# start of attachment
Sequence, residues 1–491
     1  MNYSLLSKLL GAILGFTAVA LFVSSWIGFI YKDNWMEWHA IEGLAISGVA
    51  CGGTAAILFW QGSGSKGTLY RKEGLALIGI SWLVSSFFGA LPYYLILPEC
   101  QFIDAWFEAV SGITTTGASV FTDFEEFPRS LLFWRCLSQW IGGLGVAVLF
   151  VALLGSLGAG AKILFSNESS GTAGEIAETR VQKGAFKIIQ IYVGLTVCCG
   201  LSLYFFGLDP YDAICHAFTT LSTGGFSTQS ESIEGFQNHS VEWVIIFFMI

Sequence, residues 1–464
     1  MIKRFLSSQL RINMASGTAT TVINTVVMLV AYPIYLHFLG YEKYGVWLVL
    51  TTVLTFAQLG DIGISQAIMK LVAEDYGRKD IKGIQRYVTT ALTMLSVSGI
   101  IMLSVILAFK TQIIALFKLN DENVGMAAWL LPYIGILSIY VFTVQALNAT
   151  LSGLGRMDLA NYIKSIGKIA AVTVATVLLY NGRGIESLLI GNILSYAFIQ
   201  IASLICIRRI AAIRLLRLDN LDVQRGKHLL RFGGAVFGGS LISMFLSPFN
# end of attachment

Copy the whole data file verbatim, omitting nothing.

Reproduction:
Sequence, residues 1–491
     1  MNYSLLSKLL GAILGFTAVA LFVSSWIGFI YKDNWMEWHA IEGLAISGVA
    51  CGGTAAILFW QGSGSKGTLY RKEGLALIGI SWLVSSFFGA LPYYLILPEC
   101  QFIDAWFEAV SGITTTGASV FTDFEEFPRS LLFWRCLSQW IGGLGVAVLF
   151  VALLGSLGAG AKILFSNESS GTAGEIAETR VQKGAFKIIQ IYVGLTVCCG
   201  LSLYFFGLDP YDAICHAFTT LSTGGFSTQS ESIEGFQNHS VEWVIIFFMI

Sequence, residues 1–464
     1  MIKRFLSSQL RINMASGTAT TVINTVVMLV AYPIYLHFLG YEKYGVWLVL
    51  TTVLTFAQLG DIGISQAIMK LVAEDYGRKD IKGIQRYVTT ALTMLSVSGI
   101  IMLSVILAFK TQIIALFKLN DENVGMAAWL LPYIGILSIY VFTVQALNAT
   151  LSGLGRMDLA NYIKSIGKIA AVTVATVLLY NGRGIESLLI GNILSYAFIQ
   201  IASLICIRRI AAIRLLRLDN LDVQRGKHLL RFGGAVFGGS LISMFLSPFN